Home Sci-Tech South Africa: Capenature Tries to Solve the Mystery of the Dyer Island Fossilised Elephant Teeth

South Africa: Capenature Tries to Solve the Mystery of the Dyer Island Fossilised Elephant Teeth

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While on a routine trip to Dyer Island off the Western Cape coast, Andrae Marais, the CapeNature conservation manager at Walker Bay Nature Reserve, spotted what appeared to be elephant molar teeth.

First published in the Daily Maverick 168 weekly newspaper.

Had he not been “looking for loose pieces of metal”, which he thought might be harmful to the thousands of seabirds living on the island, he would have missed them.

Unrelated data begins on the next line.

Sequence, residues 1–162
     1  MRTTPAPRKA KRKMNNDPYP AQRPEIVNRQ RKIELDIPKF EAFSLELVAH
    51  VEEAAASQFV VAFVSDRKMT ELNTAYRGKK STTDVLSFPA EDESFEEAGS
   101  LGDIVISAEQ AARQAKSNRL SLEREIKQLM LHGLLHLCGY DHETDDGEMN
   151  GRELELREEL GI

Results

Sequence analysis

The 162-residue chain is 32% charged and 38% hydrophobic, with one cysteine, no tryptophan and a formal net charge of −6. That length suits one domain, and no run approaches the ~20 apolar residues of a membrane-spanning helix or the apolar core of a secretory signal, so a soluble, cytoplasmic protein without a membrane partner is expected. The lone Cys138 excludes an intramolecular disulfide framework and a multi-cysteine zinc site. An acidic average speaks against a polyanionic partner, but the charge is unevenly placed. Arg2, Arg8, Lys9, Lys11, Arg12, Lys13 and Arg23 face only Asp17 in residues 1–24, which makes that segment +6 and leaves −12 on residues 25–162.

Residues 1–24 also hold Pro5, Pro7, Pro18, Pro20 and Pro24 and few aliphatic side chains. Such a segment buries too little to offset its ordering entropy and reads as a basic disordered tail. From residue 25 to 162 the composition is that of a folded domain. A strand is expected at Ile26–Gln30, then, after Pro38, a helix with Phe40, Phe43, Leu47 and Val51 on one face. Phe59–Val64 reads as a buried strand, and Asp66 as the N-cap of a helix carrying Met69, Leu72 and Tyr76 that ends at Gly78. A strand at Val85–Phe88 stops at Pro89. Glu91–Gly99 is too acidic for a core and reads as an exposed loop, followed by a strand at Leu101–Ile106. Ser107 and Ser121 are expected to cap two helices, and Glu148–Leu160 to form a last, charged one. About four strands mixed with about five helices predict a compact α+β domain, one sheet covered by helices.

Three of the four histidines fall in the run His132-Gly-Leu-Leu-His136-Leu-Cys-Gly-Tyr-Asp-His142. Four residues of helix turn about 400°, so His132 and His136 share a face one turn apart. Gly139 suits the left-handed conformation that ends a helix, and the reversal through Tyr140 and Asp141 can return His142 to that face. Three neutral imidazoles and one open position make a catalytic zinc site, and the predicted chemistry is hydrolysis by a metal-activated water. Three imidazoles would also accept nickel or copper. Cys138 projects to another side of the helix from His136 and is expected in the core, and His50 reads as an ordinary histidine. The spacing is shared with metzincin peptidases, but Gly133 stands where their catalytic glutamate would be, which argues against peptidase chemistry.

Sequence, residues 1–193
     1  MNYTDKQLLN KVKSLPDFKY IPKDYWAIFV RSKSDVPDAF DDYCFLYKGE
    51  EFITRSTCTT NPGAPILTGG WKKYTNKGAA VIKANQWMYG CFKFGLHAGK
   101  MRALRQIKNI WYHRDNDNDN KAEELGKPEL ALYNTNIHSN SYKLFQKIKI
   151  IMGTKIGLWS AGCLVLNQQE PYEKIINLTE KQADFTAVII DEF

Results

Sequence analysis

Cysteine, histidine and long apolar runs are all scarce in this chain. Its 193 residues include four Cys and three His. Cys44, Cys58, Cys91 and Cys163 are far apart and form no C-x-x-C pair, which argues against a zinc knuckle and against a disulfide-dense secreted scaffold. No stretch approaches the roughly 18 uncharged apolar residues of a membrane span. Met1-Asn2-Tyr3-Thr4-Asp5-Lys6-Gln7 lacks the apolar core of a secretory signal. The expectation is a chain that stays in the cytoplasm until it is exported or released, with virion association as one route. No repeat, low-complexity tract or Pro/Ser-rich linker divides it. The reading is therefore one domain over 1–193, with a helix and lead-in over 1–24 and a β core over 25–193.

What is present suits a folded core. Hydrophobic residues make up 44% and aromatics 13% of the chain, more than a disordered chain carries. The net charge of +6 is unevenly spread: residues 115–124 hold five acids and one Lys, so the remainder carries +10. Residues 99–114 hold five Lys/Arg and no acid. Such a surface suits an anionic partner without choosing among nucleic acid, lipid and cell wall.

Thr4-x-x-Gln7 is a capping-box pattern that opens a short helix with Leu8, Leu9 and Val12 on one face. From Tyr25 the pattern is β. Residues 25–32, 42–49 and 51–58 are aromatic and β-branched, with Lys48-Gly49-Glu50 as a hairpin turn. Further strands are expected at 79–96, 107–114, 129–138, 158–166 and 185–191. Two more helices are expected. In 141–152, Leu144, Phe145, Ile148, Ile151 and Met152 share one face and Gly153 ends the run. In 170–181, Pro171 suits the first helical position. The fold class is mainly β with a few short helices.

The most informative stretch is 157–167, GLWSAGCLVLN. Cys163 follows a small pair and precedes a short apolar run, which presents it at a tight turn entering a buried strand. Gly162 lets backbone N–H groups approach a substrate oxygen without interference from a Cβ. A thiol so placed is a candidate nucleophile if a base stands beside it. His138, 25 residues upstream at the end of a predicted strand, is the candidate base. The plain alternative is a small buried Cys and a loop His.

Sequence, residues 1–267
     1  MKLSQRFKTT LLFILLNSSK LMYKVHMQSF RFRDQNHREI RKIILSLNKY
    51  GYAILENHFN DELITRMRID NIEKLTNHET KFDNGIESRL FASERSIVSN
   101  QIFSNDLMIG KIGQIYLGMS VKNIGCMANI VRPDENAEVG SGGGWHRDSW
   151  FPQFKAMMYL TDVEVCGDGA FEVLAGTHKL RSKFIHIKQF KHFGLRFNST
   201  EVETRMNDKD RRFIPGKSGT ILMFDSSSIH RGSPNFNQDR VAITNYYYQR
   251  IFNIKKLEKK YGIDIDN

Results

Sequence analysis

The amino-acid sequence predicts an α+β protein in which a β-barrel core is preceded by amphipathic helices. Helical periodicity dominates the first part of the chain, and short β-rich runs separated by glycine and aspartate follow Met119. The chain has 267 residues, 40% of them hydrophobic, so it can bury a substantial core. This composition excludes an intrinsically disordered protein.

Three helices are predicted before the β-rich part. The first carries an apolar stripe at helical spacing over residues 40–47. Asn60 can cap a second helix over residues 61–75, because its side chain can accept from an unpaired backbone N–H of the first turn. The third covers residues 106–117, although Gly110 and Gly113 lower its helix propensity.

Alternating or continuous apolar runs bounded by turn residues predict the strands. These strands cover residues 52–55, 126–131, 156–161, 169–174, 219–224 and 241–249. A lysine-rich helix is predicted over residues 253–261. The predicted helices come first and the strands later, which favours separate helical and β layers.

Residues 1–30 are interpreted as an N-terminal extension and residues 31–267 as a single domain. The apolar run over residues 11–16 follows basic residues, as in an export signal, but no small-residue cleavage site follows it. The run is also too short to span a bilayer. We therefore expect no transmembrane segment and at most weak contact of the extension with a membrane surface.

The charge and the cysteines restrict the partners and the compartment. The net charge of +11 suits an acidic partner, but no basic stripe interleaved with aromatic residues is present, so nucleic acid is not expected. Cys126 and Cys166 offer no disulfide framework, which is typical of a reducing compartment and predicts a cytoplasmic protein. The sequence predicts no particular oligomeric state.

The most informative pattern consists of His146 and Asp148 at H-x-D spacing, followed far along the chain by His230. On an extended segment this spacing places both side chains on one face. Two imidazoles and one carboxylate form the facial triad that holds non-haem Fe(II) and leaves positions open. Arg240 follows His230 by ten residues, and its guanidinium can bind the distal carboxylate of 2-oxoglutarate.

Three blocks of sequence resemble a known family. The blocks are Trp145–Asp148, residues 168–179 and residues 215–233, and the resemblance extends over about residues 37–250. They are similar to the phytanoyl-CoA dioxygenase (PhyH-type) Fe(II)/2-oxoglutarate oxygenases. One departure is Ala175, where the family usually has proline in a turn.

Marais’s discovery, on the morning of 3 February, has sparked several questions about how the teeth landed on the 20ha island 8.5km from Kleinbaai harbour in Gansbaai, and about 4km offshore.

The molars, Marais said, looked “out of place” on the ground. Slightly fragmented, they were lying out in the open, right on the surface of the soil, he told DM168.

Not knowing what the fragment was, Marais picked it up and took it inside to ask his colleagues what they made of his weathered discovery.

Marais soon recognised that the object’s “distinct shape” resembled the teeth on the remains of an elephant skeleton found at De Mond Nature Reserve some years previously.

The molars, all remarkably intact, were being kept at the Walker…

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